Poor Anne. For years, her mother tries to get her a position at court and finally succeeds. Anne arrives, is sworn to Jane Seymour’s service the day after Jane takes to her chamber…and then loses her position when Jane dies a month later. But I’m getting ahead of myself. The story is a good one…
Anne Bassett was the daughter of Sir John Bassett and Honor Grenville. Sir John died young, and Honor remarried – Arthur Plantagenet, First Viscount Lisle. Did you catch the name Plantagenet? Yep. Arthur was the son of Edward IV…but an illegitimate son who therefore posed no threat to Henry VIII. Lord Lisle was Lord Deputy of Calais, and Lord and Lady Lisle corresponded with the court a great deal (their letters tend to be good ones in Letters and Papers – to just skip to those there is actually a compilation, the Lisle Letters). Anyway. There is a long trail of Lady Lisle trying unsuccessfully to get her daughters Anne and Elizabeth placed into Anne Boleyn’s household (and arguably others) but was unsuccessful until she finally sent quail to a pregnant Jane Seymour “which her Grace loveth very well, and longeth not a little for.” In gratitude, Jane said she would take one of the girls into her service (whichever was “more sober, sad, wise and discreet”) and would place the other in the household of the Duchess of Suffolk. So Anne and Elizabeth made the trip over to meet the Queen, each with two changes of clothes to make sure they would be dressed properly. Anne was chosen, sworn in…then out of a job a month later after Jane died.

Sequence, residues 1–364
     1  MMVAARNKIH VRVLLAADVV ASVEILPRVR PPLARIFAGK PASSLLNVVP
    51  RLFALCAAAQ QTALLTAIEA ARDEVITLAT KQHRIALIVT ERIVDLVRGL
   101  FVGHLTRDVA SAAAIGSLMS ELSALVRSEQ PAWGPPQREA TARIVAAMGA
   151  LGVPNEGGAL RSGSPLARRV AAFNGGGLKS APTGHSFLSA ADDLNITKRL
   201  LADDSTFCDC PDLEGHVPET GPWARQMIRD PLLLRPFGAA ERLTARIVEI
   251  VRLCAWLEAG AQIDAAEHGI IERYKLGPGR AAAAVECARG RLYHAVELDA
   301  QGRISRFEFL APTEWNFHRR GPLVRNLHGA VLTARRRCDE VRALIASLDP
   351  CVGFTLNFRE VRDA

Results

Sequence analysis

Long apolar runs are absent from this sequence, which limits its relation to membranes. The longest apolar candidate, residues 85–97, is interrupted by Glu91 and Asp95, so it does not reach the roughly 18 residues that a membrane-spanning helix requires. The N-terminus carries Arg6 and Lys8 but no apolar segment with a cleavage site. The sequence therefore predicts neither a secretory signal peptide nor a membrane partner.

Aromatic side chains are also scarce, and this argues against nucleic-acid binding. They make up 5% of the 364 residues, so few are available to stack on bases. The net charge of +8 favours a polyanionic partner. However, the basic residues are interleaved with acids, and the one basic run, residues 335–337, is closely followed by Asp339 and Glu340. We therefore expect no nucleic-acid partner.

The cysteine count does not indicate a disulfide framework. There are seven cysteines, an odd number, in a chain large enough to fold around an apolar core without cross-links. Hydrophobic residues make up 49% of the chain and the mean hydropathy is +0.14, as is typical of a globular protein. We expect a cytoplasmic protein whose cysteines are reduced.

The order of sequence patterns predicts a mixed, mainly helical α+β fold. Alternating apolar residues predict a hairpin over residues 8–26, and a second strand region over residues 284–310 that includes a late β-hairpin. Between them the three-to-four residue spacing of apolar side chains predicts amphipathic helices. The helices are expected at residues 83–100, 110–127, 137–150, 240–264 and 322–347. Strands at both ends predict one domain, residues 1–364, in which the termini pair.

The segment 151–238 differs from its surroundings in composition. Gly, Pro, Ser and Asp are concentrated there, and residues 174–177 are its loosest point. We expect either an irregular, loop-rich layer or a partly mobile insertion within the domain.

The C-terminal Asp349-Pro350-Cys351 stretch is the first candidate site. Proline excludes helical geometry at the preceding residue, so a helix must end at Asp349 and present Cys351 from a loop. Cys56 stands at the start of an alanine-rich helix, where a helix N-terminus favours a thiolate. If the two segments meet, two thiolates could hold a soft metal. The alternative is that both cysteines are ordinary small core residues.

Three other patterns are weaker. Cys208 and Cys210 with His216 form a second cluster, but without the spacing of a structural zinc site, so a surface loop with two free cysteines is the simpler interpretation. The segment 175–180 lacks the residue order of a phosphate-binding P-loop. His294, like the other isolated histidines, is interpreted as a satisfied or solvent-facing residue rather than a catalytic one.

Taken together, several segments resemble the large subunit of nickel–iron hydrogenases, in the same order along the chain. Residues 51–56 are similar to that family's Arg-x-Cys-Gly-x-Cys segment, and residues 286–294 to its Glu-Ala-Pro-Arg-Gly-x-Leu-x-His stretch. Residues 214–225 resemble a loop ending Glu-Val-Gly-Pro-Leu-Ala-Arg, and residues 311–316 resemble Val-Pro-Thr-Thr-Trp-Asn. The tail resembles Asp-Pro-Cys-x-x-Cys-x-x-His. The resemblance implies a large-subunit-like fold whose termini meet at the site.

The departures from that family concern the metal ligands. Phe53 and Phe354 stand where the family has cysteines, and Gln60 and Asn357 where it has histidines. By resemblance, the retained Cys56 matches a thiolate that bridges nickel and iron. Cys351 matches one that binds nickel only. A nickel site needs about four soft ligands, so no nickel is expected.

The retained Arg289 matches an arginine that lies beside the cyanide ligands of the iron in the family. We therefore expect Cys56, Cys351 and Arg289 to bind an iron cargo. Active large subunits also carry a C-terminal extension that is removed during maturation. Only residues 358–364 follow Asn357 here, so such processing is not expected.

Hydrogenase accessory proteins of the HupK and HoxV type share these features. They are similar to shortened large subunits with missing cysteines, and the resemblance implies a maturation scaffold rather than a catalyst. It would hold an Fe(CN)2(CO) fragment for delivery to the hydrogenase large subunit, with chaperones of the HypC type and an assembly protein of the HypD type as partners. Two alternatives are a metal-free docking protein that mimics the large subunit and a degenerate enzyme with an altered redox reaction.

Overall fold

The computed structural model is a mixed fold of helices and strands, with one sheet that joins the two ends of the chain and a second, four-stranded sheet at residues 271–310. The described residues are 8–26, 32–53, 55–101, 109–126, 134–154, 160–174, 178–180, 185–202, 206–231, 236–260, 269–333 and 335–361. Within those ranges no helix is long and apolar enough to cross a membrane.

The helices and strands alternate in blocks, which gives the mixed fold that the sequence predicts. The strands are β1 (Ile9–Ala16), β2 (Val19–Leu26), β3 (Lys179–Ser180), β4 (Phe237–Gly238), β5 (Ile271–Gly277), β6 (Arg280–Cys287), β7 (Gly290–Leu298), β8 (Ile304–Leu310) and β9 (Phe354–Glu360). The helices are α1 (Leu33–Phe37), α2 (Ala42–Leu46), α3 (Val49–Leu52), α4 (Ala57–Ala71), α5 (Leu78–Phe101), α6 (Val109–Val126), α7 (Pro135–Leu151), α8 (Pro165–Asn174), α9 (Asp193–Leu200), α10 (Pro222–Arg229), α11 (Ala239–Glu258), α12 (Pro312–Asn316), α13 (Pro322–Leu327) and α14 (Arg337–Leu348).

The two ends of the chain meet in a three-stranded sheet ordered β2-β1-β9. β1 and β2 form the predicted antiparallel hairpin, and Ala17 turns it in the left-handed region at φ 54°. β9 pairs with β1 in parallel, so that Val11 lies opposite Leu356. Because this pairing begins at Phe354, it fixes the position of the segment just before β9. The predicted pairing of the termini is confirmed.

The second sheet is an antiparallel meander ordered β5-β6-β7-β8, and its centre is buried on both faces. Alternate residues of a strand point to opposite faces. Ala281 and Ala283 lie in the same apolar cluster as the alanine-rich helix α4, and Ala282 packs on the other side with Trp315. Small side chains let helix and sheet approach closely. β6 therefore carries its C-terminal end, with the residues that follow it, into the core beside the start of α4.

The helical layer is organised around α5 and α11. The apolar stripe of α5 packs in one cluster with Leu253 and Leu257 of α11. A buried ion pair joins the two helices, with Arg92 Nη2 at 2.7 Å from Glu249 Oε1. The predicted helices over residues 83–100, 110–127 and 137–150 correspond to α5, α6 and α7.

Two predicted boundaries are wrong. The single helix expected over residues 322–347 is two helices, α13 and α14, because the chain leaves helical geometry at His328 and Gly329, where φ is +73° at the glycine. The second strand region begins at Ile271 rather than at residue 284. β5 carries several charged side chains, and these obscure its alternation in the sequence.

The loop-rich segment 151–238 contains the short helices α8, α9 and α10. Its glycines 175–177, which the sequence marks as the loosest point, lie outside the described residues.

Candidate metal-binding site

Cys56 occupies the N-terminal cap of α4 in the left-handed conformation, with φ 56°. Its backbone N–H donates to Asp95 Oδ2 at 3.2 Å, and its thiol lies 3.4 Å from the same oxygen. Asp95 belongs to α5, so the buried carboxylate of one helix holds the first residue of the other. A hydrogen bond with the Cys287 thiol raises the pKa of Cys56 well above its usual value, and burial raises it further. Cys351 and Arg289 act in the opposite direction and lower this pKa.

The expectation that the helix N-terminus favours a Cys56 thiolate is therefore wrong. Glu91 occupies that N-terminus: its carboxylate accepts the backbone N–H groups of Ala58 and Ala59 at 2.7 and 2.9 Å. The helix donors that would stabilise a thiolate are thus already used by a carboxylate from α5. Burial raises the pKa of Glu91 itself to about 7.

But Anne did stay at court, and there were always rumors about her. Some say she became Henry’s mistress around 1538-1539 – which would have made her position as a maid of honor to Anne of Cleves just a little awkward. Some thought she might become the King’s wife after the execution of Catherine Howard (the Duchess of Suffolk was another rumored contender for the spot!). But she stayed safe, and became a maid of honor to Mary I in 1553 then in 1554 married Sir Walter Hungerford. They had two children quickly and then she unfortunately died (some time before 1558 when Walter remarried) (Anne Dormer, if you want to know).
But on this day the future looked limitless. Let’s stop there…
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Loved your new book. And these posts are very entertaining. They often lead me on a journey down some tributary of history. Thanks for the many hours of education and enjoyment.
Thank you so much for saying that! I am honored and dancing!
Always enjoy your posts on the site. I first became interested in the Tudor court after reading a historical fiction on Anne Bassett that I cannot at this moment recall the name or author of.
Ooh – sounds interesting! Let me know if you remember….and thank you so much either way!